Well, after a period of healthy reliability after taking the Project 75 back under my wing it was time to take a good look over the car for its rapidly looming MoT. There was a brace of advisory comments from the last test pointing to some much worn front anti-roll bar drop links, and from my own inspections – a very poor handbrake that would barely hold the car still on the flat even left in gear – with four punctured tyres.
Despite the known foibles, I was pretty confident she would sail through with similar effort and grace as a cruise liner, but on the day when I was due to start the work – I hit a snag. We recently have had some of the hottest weather experienced moving down here in 2008 and hopping into the car to collect my ordered parts, the screen had a long arcing crack near the tax disc. It came via a stone chip near the wiper arm – no amount of Gavins resin would fix this, the screen (the original item) was scrap!
A call was made to our insurance company and the car was taken into Auto Windscreens who for the record did a swift and superb job even if they did lift me of £70 to cover the glass excess on the policy. They even managed to save my tax disc holder and obligatory Rover 75 owners National Trust membership sticker and the fitter even professed to be a secret fan of the 75 / ZT range as he rather proudly showed me a picture of his ZT-260. So job done and it was back to factors for the collection of parts.
The roll bar drop links are cheap as chips to purchase (around £15 per side) but thanks to way the top locating nut is positioned on the strut, they are a right b*gg** to replace if you don’t have a few tools, patience and some old fashioned initiative to call upon. Owing to fact the searing heat was more like Harare than Horsham, I swapped the combined toil of releasing fluid, ring spanners and skinned knuckles for a 6 inch electric angle grinder – like a knife through melted butter shall we say.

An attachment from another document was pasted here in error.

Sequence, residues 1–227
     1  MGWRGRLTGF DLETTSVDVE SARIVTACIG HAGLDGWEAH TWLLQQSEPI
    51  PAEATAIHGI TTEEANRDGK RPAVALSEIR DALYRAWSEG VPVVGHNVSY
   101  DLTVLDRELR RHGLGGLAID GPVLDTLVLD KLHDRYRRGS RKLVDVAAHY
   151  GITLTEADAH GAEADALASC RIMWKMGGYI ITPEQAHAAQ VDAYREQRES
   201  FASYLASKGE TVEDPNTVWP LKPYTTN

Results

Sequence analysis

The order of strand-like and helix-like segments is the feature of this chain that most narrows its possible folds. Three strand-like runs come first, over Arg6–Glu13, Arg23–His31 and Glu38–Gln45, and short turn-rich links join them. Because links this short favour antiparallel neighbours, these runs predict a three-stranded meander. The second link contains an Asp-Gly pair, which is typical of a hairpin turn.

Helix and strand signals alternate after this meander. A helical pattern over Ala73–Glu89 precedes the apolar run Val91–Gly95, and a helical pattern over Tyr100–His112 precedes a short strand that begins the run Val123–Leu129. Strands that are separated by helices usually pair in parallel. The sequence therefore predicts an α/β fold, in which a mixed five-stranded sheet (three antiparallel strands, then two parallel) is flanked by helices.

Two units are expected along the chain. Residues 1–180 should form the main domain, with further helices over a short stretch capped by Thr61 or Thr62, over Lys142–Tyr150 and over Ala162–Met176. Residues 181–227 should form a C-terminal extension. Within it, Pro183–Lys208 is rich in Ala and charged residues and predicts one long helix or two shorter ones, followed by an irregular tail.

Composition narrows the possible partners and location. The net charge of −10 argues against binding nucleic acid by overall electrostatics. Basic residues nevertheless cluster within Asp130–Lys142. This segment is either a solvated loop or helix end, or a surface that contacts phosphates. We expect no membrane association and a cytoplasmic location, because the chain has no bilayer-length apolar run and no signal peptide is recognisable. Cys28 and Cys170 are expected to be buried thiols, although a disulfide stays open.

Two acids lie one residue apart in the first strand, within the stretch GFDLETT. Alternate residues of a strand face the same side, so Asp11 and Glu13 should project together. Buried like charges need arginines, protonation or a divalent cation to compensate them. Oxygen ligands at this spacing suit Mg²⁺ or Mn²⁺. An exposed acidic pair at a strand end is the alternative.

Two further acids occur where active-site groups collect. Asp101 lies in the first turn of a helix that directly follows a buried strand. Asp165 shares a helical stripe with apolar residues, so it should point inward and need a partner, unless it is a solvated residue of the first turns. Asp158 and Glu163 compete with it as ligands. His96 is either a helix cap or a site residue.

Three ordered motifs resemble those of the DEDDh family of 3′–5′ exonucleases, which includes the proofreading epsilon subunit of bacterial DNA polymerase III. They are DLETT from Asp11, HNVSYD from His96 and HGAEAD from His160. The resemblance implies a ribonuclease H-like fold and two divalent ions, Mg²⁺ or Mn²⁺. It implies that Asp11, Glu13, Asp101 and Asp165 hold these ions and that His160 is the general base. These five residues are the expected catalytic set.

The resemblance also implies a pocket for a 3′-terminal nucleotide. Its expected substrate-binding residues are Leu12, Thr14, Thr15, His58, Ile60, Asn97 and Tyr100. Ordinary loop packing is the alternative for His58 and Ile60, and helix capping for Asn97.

Half an hour either side saw the job done and the wheels bolted back on the car but I was glad the job was done. Next up was the dreadful handbrake which at first lead me think the cable compensator had bent – a fairly common R40 problem. A peer inside the rear discs revealed some life expired handbrake shoes so another visit to my local chap’s factor business gleaned me a box of new shoes for a tickle over £16.
Once again, the job was done double quick and after de-glazing the drum that’s built into the disc, a perfect wheel locking handbrake was there at my disposal. All that was required was the obligatory greasing of the brake pipes and the usual visual stuff that goes hand in glove with a pre MoT. A call was made to my man at the garage and the next day I sauntered into to his office shoulders sagging, head low, keys in hand, feeling and looking like a condemned man on his way to the gallows.
Usually, I stay with the vehicle, pace the floor and do my bit to raise the share prices for Imperial Tobacco as he pokes, prods and pushes my car on his Bradbury ramp. Not this time sadly, I had to cadge a lift to work and suffer behind my desk hoping and praying the old girl would be fine. A while later the phone rings and I`m advised that its all over, the car’s ready to collect. Skipping into the black dust infested office the certificate is thrown into my hand.